Environmental Law Aagaard Fall 2016
Part I – Introduction and Background Principle
I. Highlights from Jeffrey Gaba’s Hints on Surviving Environmental Law
A. There is absolutely no alternative to reading the appropriate statutory provisions as you review issues for class.
B. You need to be familiar with both methods of referring to statutory provisions. Clean Air Act § 307 (session law), 42 U.S.C. § 7607 (Codified statute)
C. In order to learn environmental law, you have to learn the language.
II. Pharmaceuticals in the Environment
A. Is something happening to the environment?
1. Occurring – detection limits, multiple pollutants, change over time
2. Affecting – Actual cause
B. Should we respond?
1. Risk and Precaution
a. Precautionary principle/Inverse/Middle ground
i. Burden of uncertainty
2. Ethical Theories of Environmental Protection
a. Anthropocentric (humans) vs. nature
b. Aldo Leopold’s “land ethic”
C. Should the response be legal?
1. Alternatives to a legal response
a. Public Information – Cause different action
b. Voluntary action – By public or businesses
c. Use of markets to obtain an advantage from environmental beneficial behavior
D. Who should respond?
2. Agency (EPA)
3. Judicial Action
4. Levels of Government – State, Federal, Local, International
E. What legal tools should we use?
1. Torts – common law (Nuisance)
2. Property – common law (property rights in natural resources)
3. Information – disclosure
4. Prescriptive Regulation – telling you what to do moving forward (most of the class)
a. Laws that require specific actions – Must comply exactly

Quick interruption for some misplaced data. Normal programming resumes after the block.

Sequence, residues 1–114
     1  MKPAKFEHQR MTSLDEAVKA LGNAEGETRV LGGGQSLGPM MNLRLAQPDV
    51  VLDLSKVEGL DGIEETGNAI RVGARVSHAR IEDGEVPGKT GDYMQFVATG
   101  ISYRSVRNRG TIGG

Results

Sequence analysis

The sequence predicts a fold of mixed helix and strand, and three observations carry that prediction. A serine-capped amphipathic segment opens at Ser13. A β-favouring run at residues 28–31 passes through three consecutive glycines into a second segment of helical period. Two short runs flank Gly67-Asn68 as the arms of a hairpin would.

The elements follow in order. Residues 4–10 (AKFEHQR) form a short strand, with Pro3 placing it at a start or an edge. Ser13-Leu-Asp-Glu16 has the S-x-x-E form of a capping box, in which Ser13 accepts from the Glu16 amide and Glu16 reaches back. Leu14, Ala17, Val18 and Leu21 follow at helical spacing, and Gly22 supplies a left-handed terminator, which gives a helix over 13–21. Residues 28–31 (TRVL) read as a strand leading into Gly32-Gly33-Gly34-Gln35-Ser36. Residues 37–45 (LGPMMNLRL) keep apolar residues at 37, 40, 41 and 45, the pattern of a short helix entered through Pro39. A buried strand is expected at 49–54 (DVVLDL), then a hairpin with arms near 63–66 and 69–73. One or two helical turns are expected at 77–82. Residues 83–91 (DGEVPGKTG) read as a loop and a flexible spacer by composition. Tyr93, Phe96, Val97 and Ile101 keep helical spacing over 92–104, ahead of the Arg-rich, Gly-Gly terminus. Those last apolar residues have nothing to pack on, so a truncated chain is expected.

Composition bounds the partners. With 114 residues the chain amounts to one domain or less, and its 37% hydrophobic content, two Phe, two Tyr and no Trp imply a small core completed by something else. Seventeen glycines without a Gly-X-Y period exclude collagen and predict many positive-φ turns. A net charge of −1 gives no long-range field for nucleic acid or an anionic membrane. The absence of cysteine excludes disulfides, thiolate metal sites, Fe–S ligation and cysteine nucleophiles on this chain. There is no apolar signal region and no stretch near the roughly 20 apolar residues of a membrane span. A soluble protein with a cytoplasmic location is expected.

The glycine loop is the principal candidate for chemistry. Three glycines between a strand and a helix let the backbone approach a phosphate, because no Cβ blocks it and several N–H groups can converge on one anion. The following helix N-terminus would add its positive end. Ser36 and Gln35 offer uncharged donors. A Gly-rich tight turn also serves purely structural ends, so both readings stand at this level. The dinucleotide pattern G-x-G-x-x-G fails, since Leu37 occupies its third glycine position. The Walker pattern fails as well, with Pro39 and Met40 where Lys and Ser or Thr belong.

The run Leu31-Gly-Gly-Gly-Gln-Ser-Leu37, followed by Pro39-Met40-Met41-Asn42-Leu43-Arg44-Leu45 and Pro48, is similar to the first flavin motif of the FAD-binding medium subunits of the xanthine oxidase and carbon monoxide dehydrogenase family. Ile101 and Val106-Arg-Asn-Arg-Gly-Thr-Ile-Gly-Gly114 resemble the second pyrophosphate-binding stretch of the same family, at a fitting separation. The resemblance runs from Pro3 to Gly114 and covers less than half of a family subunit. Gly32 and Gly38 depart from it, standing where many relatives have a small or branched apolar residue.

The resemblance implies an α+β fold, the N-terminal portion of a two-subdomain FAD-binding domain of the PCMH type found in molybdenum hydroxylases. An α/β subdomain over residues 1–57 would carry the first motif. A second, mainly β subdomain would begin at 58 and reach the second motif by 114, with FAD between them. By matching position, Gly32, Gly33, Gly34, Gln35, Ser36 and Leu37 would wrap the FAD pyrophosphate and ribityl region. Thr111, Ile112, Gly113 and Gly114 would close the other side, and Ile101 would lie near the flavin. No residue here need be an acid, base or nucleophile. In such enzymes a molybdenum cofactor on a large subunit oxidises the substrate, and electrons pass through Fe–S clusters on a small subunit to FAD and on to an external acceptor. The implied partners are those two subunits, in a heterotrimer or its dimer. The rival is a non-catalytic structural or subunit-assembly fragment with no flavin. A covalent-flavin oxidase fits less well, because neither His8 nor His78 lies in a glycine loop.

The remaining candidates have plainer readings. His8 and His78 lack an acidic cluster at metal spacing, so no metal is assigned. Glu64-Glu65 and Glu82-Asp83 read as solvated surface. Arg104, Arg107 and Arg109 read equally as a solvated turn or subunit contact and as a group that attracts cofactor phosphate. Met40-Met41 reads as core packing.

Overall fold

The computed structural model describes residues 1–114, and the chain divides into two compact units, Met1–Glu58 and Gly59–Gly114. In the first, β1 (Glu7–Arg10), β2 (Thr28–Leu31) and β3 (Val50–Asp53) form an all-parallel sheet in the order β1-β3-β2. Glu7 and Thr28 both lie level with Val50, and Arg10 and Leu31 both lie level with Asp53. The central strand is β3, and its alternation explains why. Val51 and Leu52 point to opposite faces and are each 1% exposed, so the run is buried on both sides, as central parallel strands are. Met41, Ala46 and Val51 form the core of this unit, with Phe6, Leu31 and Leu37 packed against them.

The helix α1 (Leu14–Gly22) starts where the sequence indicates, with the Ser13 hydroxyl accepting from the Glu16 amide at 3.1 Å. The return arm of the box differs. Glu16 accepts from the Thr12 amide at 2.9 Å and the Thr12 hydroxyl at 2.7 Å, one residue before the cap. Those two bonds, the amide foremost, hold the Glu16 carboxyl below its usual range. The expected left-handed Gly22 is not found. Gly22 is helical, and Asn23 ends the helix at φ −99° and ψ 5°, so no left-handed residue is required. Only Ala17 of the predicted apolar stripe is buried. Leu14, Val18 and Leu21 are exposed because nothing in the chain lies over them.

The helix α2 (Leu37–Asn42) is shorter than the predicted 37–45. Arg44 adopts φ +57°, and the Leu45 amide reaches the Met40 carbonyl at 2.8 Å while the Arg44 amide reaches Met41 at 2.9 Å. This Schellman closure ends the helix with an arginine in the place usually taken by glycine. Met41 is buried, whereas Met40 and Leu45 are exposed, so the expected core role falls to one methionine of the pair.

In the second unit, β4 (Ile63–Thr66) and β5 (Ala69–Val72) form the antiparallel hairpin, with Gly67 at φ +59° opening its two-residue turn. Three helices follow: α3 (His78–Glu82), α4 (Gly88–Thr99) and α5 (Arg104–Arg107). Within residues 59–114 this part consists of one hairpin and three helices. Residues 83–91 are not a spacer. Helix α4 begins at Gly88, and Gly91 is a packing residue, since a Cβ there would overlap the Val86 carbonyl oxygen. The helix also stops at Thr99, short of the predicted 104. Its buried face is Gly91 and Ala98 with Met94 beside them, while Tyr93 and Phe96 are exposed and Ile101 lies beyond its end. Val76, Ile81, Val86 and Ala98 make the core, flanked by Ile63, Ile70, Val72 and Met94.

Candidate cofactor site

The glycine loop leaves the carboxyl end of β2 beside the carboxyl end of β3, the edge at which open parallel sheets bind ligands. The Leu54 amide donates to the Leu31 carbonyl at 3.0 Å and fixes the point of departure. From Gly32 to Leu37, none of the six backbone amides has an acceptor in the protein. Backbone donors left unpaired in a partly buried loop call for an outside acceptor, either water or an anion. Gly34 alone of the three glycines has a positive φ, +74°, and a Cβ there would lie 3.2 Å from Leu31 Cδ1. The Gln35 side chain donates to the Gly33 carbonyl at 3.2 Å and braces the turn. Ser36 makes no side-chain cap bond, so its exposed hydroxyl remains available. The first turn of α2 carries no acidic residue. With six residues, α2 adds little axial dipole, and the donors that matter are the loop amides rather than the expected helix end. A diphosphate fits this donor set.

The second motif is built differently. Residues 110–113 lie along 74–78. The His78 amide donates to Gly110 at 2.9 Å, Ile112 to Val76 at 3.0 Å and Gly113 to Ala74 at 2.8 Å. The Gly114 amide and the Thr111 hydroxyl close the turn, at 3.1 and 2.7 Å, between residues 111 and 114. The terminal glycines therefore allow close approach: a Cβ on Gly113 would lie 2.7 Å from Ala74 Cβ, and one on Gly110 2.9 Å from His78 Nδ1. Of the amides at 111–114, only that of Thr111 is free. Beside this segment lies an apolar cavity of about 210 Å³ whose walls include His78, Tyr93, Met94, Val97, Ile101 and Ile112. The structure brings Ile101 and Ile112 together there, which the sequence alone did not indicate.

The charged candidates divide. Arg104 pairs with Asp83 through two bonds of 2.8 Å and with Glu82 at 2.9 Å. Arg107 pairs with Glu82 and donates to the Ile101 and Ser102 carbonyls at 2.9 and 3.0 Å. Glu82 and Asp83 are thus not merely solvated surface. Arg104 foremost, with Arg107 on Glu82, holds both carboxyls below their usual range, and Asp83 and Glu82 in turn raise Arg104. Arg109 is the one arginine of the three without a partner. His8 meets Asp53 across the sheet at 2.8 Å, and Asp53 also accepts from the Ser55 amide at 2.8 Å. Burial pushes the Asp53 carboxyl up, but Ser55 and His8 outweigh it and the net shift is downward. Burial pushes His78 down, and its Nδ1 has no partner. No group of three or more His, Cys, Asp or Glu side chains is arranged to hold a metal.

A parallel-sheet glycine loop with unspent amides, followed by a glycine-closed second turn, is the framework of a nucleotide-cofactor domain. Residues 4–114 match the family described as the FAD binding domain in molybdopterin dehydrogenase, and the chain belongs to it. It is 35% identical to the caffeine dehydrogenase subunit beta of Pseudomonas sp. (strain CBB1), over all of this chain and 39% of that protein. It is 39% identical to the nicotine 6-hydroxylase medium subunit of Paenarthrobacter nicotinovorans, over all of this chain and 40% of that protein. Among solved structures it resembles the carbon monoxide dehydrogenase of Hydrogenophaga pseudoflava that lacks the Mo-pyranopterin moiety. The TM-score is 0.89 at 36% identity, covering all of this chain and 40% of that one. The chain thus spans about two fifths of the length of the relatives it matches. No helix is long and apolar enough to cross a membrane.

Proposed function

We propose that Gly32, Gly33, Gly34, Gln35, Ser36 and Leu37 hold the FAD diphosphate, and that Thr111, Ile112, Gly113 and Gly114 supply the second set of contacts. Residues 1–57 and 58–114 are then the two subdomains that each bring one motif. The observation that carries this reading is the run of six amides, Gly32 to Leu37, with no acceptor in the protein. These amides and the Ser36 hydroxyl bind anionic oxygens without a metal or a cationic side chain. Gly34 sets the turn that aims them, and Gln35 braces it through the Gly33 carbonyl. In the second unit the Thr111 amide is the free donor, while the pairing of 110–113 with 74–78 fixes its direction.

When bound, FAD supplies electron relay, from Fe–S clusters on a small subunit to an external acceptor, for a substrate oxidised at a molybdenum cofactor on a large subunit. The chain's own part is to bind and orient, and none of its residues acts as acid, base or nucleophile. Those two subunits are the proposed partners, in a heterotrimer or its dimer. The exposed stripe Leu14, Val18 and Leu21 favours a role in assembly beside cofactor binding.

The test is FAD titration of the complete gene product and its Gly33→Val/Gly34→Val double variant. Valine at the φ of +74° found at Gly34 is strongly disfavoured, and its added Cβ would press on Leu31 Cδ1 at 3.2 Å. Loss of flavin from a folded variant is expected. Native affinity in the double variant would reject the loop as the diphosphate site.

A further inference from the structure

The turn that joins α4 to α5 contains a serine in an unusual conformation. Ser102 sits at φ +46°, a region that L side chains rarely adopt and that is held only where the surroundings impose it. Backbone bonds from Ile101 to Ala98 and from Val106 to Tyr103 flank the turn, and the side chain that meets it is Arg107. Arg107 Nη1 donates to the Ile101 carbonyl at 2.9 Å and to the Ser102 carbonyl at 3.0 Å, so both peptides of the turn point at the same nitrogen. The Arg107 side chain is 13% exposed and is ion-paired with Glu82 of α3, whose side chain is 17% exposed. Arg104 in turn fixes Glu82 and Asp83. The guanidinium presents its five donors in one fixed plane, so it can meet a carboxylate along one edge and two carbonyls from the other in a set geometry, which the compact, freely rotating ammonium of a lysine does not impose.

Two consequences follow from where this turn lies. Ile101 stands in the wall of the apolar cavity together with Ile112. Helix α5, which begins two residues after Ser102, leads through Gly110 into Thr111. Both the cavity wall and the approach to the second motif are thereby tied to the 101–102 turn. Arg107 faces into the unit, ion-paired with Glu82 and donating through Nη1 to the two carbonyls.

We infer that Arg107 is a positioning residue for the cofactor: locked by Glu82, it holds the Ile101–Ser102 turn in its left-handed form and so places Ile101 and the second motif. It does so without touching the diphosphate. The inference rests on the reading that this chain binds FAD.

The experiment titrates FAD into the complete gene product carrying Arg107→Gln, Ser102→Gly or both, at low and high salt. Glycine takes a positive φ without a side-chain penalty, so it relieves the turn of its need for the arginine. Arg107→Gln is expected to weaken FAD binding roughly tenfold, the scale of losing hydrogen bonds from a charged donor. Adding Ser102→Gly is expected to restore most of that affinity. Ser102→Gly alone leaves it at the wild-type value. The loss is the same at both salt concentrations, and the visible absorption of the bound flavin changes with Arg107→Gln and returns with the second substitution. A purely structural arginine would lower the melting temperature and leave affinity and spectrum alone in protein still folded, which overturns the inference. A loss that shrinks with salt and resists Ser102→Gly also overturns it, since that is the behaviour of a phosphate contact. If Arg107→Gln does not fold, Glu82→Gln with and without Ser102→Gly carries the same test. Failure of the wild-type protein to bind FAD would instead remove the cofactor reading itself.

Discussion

b. Performance standards – Performance must be met but not told exactly how to follow
5. Economic incentives and trading
a. Tradable permit systems – Given a default that must be met but trading between parties to meet the default better financially is okay
b. Fees and taxes – Almost never happens in practice
6. Planning schemes – Only require the plan
7. Procedural (Process) and substantive regulations (Outcome)
8. Technology-based (Feasibility) and environmental quality-based regulations
F. What should the intensity of the response be?
1. Cost-benefit Analysis
a. Harder to put a price on benefits to the environment or others than to come up with the costs – Worry that it may be biased
G. Upon whom should the burdens of responding (or not responding) fall?
III. History of Environmental Law
A. First Generation Environmental Laws (early 1970s)
1. 1971-1973: NEPA, Clean Air Act, Clean Water Act, Endangered Species Act
2. Ambitious (unrealistic?) legislation with stringent standards
3. Rise of national environmental organizations
4. Pro-environmental judiciary
5. Industry felt unsettled
B. Second Generation Environmental Laws (late 1970s)
1. Energy Crisis
2. Courts insist on strict implementation
3. TSCA, RCRA, CERCLA – Particular substances
4. Substantial improvements in environmental quality
5. U.S. economy continues to grow – do not have to choose between economy and environmental protection
6. Unrealistic legislation creates cycle of distrust – Believed they were supposed to solve problems, not just make them slightly better
C. Environmental Law’s Second Decade (1980s)